It is the best community development technology. If you want to build your online community, you need to consider all the amazing features you get with WordPress. Plugins such as BB Press is an open-source, template-driven PHP/ MySQL forum software. It is very simple and doesn’t hamper the experience of the website.
Other tools such as wpFoRo and Asgaros Forum are equally good for creating a community blog. They are lightweight tools that are easy to manage and integrate with your WordPress site easily. However, there is only one tiny problem; you need to have some technical knowledge to build a WordPress Community blog page.

4. Shortcodes
Since we gave you a problem in the previous section, we would also give you a perfect solution for it. You might not know to code, but you have shortcodes. Shortcodes help you execute functions without having to code. It is an easy way to build an amazing website, add new features, customize plugins easily. They are short lines of code, and rather than memorizing multiple lines; you can have zero technical knowledge and start building a feature-rich website or application.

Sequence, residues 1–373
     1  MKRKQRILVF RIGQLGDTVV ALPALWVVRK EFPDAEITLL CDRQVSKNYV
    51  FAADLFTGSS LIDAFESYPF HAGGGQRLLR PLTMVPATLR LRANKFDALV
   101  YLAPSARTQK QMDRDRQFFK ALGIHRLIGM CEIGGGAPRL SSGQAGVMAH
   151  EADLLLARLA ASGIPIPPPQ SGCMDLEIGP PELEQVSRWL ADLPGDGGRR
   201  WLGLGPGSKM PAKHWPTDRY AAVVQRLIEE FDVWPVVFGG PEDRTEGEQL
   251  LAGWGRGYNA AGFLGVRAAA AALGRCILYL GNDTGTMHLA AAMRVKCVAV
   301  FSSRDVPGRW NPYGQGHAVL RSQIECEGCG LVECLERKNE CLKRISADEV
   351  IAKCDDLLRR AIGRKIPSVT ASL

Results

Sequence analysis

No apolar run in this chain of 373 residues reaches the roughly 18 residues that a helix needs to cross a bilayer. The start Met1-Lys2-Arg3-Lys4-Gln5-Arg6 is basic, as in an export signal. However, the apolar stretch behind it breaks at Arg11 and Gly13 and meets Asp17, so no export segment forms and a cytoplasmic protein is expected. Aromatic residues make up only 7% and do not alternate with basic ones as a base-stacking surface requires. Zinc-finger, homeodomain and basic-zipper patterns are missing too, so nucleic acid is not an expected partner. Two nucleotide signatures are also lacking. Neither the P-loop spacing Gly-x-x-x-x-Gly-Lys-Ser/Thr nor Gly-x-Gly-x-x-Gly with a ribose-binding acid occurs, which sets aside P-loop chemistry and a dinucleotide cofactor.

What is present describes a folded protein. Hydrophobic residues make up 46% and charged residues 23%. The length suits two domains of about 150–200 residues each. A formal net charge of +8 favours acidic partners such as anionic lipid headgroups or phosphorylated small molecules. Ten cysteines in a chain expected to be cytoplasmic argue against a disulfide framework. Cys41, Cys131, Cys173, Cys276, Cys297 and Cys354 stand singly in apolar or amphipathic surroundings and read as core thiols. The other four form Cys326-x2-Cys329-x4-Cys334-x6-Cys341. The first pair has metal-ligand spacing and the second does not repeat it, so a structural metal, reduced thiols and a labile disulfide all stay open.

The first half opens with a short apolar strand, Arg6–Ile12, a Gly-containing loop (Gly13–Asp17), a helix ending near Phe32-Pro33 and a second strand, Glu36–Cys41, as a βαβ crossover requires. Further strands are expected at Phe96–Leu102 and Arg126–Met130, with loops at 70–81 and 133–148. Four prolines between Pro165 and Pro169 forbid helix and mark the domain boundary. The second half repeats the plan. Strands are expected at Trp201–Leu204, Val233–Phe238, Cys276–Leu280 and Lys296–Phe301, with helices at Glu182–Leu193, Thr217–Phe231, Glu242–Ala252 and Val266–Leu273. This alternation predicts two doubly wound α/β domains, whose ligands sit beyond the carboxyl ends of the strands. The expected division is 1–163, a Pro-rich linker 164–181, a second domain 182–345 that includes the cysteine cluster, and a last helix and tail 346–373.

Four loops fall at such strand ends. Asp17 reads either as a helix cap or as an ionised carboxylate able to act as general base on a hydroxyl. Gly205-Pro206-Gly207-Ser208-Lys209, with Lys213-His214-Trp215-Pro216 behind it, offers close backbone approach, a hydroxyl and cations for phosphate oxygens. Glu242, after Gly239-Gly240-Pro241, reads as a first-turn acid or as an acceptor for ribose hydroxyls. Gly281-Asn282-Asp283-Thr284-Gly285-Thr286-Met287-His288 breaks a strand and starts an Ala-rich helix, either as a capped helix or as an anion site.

There are also plugins like Shortcoder, Shortcodes Ultimate, and the Basics available on WordPress that can be used, and you would not even have to remember the shortcodes.

5. Build Online Stores
If you still think about why to use WordPress, use it to build an online store. You can start selling your goods online and start selling. It is an affordable technology that helps you build a feature-rich eCommerce store with WordPress.
WooCommerce is an extension of WordPress and is one of the most used eCommerce solutions. WooCommerce holds a 28% share of the global market and is one of the best ways to set up an online store. It allows you to build user-friendly and professional online stores and has thousands of free and paid extensions. Moreover as an open-source platform, and you don’t have to pay for the license.
Apart from WooCommerce, there are Easy Digital Downloads, iThemes Exchange, Shopify eCommerce plugin, and so much more available.

6. Security Features
WordPress takes security very seriously. It offers tons of external solutions that help you in safeguarding your WordPress site. While there is no way to ensure 100% security, it provides regular updates with security patches and provides several plugins to help with backups, two-factor authorization, and more.